is a memory of horror, with a sense of blood hidden under its frantic, crazy devotion, and not far hidden, either.

Our own green shade, when we pulled back to it in the evening cool, was a refuge of unspeakable quiet. She read aloud to me that evening, by the small light of our lamp beneath the trees; and, singularly, she read of joy.

'I have drunk of the Cup of the Ineffable,

I have found the Key of the Mystery;

Traveling by no track, I have come to the Sorrowless Land; very easily has the mercy of the great Lord come upon me.

Wonder is that Land of rest to which no merit can win.

There have I seen joy filled to the brim, perfection of joy.

He dances in rapture and waves of form arise from his dance.

He holds all within his bliss.'

'What is that?' I asked, when the music ceased for a moment.

'It is from the songs of the great Indian mystic — Kabir. Let me read you more. It is like the singing of a lark, lost in the infinite of light and heaven.'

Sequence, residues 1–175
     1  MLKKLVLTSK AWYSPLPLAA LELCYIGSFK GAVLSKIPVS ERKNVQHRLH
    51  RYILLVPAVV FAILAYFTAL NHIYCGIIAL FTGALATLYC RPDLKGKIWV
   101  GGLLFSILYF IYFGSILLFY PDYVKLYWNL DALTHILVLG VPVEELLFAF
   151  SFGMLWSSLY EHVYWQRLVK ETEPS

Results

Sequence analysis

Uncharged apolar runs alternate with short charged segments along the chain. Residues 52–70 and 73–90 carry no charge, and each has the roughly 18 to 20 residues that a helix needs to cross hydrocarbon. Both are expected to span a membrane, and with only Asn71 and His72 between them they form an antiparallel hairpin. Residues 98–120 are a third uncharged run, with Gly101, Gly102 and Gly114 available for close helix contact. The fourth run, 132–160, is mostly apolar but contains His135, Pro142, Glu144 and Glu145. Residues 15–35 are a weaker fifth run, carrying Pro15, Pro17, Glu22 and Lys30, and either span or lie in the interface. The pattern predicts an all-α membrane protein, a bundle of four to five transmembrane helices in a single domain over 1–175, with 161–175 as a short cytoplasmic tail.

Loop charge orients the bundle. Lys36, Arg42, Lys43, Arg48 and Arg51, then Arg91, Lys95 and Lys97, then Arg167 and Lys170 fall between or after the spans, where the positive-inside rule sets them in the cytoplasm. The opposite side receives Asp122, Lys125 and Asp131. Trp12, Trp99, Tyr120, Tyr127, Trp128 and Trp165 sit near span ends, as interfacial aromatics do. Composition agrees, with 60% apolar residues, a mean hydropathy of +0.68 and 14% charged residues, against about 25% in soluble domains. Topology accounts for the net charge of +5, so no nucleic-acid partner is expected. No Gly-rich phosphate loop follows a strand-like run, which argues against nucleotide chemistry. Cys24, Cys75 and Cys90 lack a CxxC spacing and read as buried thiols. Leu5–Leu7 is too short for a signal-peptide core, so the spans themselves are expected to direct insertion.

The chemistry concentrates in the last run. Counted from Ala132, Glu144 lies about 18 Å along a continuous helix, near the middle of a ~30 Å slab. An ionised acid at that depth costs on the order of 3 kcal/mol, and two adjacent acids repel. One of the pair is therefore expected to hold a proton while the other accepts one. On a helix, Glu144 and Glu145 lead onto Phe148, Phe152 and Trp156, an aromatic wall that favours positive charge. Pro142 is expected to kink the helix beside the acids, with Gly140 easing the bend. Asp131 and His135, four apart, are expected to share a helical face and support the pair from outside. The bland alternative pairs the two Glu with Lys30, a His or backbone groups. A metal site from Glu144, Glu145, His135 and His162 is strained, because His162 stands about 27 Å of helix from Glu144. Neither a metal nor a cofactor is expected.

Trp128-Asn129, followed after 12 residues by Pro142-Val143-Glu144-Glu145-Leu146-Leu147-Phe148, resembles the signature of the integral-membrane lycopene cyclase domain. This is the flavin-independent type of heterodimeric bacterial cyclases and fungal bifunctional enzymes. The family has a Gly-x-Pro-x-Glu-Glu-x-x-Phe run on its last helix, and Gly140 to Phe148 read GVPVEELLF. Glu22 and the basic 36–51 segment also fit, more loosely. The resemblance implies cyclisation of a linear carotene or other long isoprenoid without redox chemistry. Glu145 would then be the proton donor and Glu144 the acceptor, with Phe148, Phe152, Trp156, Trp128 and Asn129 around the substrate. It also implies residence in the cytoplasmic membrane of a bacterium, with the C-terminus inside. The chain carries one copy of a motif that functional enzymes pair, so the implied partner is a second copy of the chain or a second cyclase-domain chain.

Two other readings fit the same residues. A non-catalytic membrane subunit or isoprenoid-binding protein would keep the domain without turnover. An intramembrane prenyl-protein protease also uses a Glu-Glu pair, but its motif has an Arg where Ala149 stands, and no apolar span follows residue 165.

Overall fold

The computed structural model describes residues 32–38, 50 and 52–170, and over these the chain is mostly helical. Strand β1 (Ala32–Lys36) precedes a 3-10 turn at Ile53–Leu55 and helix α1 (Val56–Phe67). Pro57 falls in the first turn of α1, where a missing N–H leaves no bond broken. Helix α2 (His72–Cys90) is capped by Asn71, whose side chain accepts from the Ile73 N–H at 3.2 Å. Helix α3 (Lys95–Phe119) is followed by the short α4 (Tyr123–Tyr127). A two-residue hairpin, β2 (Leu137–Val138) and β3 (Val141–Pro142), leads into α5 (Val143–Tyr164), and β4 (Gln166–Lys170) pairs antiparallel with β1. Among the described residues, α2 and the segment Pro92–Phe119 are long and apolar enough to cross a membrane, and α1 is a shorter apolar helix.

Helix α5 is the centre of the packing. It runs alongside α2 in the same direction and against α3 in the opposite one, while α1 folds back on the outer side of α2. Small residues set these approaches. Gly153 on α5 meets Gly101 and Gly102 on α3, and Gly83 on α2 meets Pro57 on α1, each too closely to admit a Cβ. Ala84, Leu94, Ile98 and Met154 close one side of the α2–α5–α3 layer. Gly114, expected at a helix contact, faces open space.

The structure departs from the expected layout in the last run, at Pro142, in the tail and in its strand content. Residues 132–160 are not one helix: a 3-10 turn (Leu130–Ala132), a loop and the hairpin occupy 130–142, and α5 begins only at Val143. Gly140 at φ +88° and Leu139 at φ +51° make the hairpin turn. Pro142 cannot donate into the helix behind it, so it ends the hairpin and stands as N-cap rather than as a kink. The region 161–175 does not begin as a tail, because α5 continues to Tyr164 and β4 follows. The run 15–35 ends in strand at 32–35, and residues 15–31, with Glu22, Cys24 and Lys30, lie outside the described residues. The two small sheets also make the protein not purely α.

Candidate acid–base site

So in the soft darkness I heard for the first time those immortal words; and hearing, a faint glimmer of understanding broke upon me as to the source of the peace that surrounded her. I had accepted it as an emanation of her own heart, when it was the pulsing of the tide of the Divine. She read, choosing a verse here and there, and I listened with absorption. Suppose I had been wrong in believing that sorrow is the key-note of life; that pain is the road of ascent, if road there be; that an implacable Nature presides over all our pitiful struggles and writes a black 'Finis' to the holograph of our existence? What then? Was she teaching me that joy is the only truth, — the only reality,— and all else illusion? Was she the Interpreter of a Beauty eternal in the heavens and reflected in broken prisms in the beauty that walked visible beside me? I listened as a man to